2020-06-23 01:47 (Tue)
Fats Domino: His Tunes We Will Always Remember
Fats Domino: His Tunes We Will Always Remember
  • Hyunwoo Shin Staff Reporter
  • Approved 2017.12.27 21:01
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The streets of New Orleans, Louisiana during the 1920s were filled with the sound of sweet and groovy bebop (an early form of jazz music). The genre of jazz caught the attention of the American public, took it by storm, and has held the value of one of the most influential forms of music in history. Born in New Orleans, Louisiana, Antoine Dominique “Fats” Domino, better known for his stage name “Fats Domino”, was instantly exposed to the groovy musical genre of jazz.

At the young age of 14, Domino was already performing at local New Orleans bars with his band, the Solid Senders, after he was scouted by Billy Diamond, the bandleader. Billy Diamond was also the creator of his stage name “Fats Domino”; Diamond thought Domino reminded him of renowned pianists Fats Weller and Fats Pichon. After successful performances night after night, Domino was eventually signed under Imperial Records and released his first hit “Junkers Blues”, a song about drug addicts, which sold over a million copies and eventually made it to the Grammy Hall of Fame in 2015.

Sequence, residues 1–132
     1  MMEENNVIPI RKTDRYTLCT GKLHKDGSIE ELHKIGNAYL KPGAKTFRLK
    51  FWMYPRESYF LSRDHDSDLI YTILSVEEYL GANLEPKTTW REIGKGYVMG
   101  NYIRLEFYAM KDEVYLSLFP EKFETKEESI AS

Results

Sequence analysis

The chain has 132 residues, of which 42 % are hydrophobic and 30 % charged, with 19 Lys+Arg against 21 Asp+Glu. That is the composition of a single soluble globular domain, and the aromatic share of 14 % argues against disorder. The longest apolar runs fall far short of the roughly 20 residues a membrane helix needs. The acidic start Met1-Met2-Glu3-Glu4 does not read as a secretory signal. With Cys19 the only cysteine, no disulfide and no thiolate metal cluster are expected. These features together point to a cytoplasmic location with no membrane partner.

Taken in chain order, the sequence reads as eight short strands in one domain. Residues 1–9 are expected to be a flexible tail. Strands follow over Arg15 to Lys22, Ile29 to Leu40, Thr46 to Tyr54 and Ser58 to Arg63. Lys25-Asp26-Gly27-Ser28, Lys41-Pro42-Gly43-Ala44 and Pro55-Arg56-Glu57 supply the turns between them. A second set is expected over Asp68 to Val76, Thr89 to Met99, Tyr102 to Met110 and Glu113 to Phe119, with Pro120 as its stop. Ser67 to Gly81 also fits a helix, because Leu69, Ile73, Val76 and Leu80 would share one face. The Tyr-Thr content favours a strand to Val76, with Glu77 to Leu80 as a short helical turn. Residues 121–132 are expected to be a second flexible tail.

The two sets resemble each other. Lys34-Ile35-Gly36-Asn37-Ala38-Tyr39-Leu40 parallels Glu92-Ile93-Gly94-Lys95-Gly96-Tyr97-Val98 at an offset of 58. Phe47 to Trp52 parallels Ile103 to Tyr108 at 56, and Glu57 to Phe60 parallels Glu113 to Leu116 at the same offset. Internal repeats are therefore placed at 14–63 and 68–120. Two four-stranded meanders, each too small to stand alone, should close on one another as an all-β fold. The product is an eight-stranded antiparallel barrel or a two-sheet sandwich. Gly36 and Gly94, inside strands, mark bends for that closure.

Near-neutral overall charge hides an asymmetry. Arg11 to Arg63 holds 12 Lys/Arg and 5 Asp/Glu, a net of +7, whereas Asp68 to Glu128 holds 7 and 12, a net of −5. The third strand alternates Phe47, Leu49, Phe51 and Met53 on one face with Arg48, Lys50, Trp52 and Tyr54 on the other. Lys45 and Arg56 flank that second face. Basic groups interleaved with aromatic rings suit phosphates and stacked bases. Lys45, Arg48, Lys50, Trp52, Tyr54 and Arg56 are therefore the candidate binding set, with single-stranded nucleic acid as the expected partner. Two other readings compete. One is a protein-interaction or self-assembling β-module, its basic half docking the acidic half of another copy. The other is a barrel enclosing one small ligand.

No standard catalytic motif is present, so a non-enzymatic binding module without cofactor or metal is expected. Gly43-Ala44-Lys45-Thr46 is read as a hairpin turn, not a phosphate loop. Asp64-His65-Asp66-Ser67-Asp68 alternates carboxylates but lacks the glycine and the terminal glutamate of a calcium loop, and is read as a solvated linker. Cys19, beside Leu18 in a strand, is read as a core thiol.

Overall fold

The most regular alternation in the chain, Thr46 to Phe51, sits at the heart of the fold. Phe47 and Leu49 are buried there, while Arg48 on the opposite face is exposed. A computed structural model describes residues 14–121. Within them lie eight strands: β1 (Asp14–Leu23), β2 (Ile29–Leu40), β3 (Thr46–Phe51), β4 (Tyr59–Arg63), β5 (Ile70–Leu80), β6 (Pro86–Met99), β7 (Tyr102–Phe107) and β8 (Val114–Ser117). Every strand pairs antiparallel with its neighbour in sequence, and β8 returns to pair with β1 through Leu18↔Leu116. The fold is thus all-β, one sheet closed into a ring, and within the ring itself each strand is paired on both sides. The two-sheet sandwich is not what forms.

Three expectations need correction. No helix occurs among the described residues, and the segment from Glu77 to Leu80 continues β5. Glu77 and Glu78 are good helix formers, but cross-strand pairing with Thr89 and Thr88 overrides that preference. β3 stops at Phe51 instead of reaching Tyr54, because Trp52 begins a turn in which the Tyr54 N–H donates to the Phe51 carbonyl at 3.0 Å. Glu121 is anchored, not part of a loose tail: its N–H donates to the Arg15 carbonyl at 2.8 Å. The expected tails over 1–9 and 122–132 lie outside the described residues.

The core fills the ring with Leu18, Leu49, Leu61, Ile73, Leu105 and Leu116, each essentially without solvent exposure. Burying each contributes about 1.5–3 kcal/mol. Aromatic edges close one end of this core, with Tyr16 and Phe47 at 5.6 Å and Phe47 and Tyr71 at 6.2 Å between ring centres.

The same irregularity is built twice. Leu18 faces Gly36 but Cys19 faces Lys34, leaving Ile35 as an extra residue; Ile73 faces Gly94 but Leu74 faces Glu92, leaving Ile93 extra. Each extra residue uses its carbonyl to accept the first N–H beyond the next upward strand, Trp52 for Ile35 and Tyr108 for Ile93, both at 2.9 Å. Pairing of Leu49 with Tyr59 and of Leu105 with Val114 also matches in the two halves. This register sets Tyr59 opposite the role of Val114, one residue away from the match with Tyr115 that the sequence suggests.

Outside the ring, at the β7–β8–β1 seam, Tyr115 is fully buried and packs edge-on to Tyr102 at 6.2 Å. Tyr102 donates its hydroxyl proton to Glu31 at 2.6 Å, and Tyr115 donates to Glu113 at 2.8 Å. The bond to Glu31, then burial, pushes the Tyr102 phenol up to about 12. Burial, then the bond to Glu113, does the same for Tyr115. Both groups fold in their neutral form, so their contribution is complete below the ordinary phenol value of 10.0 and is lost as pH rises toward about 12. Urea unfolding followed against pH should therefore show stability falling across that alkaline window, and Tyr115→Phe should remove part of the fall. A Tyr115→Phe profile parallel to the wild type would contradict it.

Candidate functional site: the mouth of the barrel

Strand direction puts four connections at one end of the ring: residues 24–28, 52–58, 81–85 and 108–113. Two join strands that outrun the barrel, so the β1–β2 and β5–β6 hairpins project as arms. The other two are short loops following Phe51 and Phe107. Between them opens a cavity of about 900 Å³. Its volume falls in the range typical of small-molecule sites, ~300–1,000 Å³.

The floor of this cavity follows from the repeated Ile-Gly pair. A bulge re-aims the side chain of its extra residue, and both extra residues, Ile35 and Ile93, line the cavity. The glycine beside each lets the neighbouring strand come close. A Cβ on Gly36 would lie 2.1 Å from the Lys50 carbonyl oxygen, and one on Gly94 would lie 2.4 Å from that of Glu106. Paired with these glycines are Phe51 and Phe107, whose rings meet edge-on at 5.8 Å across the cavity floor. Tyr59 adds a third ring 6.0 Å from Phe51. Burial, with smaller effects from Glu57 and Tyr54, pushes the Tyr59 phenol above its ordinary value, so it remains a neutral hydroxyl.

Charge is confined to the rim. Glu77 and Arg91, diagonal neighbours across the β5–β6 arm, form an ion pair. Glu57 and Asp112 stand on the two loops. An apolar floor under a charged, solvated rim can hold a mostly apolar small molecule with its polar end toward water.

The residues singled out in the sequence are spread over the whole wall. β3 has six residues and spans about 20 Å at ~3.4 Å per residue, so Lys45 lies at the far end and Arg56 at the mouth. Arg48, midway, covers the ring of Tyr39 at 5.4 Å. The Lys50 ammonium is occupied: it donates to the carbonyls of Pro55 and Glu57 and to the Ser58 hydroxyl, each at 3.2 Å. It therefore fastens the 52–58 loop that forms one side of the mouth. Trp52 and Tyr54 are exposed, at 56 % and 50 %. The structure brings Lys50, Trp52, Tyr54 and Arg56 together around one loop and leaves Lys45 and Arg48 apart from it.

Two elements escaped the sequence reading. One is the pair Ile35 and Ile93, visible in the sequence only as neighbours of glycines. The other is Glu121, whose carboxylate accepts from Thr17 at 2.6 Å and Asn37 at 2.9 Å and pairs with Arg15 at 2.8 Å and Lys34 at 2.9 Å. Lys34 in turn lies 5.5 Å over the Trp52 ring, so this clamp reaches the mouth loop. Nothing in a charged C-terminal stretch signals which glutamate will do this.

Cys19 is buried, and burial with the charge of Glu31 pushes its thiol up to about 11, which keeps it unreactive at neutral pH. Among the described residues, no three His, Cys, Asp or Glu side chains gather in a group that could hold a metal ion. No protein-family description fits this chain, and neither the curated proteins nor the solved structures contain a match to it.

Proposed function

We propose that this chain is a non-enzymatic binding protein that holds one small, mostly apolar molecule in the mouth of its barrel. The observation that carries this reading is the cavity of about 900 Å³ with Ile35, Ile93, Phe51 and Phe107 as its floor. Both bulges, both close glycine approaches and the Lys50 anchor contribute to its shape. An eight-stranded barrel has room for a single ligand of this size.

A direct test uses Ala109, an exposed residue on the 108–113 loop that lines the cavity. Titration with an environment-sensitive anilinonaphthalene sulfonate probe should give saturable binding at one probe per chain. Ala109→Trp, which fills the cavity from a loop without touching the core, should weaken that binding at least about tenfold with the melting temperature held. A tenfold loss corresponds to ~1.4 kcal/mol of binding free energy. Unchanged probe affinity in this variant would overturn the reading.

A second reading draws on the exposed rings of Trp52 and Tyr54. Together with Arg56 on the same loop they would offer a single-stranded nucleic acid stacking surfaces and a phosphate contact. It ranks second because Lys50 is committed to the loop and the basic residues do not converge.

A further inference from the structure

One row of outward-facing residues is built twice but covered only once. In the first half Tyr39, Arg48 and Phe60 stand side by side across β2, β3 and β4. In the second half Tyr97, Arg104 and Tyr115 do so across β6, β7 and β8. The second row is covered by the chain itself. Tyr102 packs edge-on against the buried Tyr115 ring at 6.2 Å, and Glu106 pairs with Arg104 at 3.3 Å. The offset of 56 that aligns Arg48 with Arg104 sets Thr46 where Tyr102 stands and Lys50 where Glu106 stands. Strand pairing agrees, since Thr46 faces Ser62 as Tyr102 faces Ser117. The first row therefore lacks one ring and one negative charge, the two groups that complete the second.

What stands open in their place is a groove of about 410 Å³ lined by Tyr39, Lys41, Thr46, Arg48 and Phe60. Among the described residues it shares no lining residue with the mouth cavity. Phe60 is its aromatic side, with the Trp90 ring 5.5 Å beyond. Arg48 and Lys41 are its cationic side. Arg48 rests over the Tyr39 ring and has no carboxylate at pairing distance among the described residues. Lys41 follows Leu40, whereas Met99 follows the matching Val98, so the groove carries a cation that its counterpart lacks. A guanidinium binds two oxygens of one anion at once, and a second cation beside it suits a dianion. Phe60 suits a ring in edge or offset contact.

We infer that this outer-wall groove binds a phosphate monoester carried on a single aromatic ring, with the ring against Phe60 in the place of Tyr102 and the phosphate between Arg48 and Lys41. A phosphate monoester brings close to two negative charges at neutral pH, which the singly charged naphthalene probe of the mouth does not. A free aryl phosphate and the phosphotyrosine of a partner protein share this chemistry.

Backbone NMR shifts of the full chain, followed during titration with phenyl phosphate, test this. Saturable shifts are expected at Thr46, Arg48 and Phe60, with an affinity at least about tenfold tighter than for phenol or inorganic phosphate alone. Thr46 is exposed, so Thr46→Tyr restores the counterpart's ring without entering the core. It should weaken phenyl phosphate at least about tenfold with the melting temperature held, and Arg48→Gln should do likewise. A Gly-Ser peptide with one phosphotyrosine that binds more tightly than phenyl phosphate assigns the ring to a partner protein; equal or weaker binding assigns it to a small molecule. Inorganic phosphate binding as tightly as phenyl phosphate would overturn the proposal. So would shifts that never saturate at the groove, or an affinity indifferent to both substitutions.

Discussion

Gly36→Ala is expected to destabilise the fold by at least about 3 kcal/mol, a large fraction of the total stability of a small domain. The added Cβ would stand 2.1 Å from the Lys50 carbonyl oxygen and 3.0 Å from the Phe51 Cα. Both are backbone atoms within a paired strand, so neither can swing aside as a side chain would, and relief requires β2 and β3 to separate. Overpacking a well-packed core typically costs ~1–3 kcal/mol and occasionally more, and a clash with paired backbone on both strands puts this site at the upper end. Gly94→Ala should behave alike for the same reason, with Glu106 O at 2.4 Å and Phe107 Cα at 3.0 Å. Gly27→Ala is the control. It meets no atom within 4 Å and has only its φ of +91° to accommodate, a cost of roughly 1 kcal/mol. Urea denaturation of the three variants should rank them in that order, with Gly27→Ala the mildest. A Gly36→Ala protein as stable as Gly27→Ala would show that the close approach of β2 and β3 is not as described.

Domino, by the end of his career, had released numerous songs that made it to the top ten during his time. However, Domino also went through a period of struggle as he was one of the few entertainers during the period of racial segregation. This led to limited playing time in certain radio stations as well as riots at some of his concerts. As Domino always believed that jazz music was for all people to enjoy regardless of race or ethnicity, his concerts often involved alcohol, racial integration, and partying. As time went on and his music gained public acclaim, his music received wider radio airplay, which eventually led to him gaining more public acceptance.

At the later stages of his career, Domino was devastatingly affected by Hurricane Katrina as he lost his house from the flooding. Also, due to the hurricane, none of the people that knew him could contact him, leading to people believing that Domino was killed during the hurricane. Eventually, the public got news about Domino’s state and many, including Former President George W. Bush who replaced Domino’s lost National Medal of Arts, reached out to Domino.

His great career came to an abrupt end on October 24, 2017, when he died from natural causes according to reports.

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